Concise and protecting-group-free total syntheses of the marine oxylipins hybridalactone (1) and three members of the ecklonialactone family (2-4) were developed. They deliver these targets in optically pure form in 14 or 13 steps, respectively, in the longest linear sequence; five of these steps are metal-catalyzed and four others are metal-mediated. The route to either 1 or 2-4 diverges from the common building block 22, which is accessible in 7 steps from 2[5H]furanone by recourse to a rhodium-catalyzed asymmetric 1,4-addition reaction controlled by the carvone-derived diene ligand 35 and a ring-closing alkene metathesis (RCM) catalyzed by the ruthenium indenylidene complex 17 as the key operations. Alternatively, 22 can be made in 10 steps from furfural via a diastereoselective three-component coupling process. The further elaboration of 22 into hybridalactone as the structurally most complex target with seven contiguous chiral centers was based upon a sequence of cyclopropanation followed by a vanadium-catalyzed epoxidation, both of which were directed by the same free hydroxy group at C15. The macrocyclic scaffold was annulated to the headgroup by means of a ring-closing alkyne metathesis reaction (RCAM). In response to the unusually high propensity of the oxirane of the targeted oxylipins for ring opening, this transformation had to be performed with complexes of the type [(Ar 3SiO) 4Mo≡CPh] [K·OEt 2] (43), which represent a new generation of exceedingly tolerant yet remarkably efficient catalysts. Their ancillary triarylsilanolate ligands temper the Lewis acidity of the molybdenum center but are not sufficiently nucleophilic to engage in the opening of the fragile epoxide ring. A final semireduction of the cycloalkyne formed in the RCAM step to the required (Z)-alkene completed the total synthesis of (-)-1. The fact that the route from the common fragment 22 to the ecklonialactones could follow a similar logic showcased the flexibility inherent to the chosen approach.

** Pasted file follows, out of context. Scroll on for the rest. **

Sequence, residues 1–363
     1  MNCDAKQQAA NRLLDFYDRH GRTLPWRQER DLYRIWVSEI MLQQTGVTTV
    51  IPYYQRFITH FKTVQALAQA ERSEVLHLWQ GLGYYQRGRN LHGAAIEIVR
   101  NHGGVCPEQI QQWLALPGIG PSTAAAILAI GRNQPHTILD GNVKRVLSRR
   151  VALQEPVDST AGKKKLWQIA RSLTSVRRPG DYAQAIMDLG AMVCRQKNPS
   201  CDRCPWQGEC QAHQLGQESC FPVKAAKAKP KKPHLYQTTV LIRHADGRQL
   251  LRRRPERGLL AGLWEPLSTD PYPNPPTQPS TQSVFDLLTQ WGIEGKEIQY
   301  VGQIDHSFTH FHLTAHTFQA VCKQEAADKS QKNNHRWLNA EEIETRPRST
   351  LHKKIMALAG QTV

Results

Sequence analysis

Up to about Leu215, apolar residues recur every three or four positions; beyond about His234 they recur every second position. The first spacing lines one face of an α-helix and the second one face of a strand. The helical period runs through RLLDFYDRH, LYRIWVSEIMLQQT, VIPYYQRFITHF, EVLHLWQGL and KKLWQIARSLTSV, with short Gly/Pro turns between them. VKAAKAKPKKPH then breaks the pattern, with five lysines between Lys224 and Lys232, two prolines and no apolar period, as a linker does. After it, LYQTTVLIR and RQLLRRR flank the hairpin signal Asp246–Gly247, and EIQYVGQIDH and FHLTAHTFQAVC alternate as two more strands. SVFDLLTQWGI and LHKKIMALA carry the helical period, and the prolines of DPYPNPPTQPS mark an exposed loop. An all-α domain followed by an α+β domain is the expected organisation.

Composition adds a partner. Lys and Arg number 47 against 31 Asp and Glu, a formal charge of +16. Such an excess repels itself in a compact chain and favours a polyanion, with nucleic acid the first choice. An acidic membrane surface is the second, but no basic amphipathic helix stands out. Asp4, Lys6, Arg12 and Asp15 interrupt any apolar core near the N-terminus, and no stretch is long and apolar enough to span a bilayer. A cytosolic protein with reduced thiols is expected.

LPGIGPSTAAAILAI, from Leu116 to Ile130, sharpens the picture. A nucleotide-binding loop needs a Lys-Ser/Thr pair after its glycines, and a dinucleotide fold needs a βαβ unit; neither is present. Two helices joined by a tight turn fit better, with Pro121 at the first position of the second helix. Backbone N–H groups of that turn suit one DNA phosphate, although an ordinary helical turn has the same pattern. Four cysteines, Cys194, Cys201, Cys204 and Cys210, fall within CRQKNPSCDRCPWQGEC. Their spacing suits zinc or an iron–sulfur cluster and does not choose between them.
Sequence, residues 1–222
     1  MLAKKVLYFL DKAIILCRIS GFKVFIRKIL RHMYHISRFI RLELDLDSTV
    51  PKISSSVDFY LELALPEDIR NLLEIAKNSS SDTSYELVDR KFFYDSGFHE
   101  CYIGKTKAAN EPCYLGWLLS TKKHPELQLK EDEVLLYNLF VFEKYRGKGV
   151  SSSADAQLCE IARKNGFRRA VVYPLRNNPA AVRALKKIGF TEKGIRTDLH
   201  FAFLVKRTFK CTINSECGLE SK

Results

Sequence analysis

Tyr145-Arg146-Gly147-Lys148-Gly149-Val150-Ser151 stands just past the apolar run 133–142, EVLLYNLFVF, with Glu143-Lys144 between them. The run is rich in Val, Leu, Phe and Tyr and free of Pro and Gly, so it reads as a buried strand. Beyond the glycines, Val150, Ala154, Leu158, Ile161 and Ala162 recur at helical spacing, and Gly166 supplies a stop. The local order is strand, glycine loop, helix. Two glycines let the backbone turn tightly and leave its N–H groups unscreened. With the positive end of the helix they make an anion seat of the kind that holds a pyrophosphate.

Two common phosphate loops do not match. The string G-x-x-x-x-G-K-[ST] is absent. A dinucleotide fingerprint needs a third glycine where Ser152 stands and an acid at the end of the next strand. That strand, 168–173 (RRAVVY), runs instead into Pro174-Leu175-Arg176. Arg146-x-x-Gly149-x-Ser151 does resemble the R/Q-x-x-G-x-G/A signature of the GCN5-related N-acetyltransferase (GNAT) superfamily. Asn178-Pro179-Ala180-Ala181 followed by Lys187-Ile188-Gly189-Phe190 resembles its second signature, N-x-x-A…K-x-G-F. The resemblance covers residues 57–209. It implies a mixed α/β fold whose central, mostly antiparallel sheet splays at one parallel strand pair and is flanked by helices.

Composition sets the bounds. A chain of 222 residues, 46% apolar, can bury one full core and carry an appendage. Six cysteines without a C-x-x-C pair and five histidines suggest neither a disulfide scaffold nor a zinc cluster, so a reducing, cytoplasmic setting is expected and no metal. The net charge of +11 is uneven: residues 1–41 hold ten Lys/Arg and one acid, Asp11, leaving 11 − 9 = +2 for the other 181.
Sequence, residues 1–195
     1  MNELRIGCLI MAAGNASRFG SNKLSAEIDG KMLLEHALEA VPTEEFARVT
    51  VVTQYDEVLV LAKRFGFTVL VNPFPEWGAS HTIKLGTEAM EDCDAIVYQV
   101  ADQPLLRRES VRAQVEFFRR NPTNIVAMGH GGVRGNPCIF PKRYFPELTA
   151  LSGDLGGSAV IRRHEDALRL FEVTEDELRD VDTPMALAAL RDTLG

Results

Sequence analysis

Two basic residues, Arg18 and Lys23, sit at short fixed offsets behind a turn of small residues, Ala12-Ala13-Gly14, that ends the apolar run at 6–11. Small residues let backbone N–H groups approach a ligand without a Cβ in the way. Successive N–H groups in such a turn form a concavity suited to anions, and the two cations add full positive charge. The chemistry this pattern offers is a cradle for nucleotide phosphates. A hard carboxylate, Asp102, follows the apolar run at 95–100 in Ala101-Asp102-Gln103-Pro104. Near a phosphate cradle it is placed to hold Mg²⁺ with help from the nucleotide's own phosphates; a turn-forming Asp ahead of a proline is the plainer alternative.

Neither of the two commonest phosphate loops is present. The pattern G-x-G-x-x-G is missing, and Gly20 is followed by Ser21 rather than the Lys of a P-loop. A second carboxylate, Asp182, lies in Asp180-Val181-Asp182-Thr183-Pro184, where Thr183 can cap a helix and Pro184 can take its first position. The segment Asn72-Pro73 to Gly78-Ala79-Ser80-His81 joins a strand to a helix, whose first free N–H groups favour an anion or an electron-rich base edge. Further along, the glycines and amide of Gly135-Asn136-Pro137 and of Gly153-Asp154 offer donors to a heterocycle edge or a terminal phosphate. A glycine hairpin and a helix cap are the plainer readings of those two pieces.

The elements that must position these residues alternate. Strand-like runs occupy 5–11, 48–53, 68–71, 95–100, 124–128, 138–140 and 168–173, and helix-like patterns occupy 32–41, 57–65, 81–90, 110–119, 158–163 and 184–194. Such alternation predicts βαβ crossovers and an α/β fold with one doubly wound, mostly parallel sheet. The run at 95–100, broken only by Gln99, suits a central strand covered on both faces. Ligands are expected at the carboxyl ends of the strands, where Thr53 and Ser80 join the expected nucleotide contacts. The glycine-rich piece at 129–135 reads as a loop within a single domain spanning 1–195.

ASJC Scopus subject areas
- Colloid and Surface Chemistry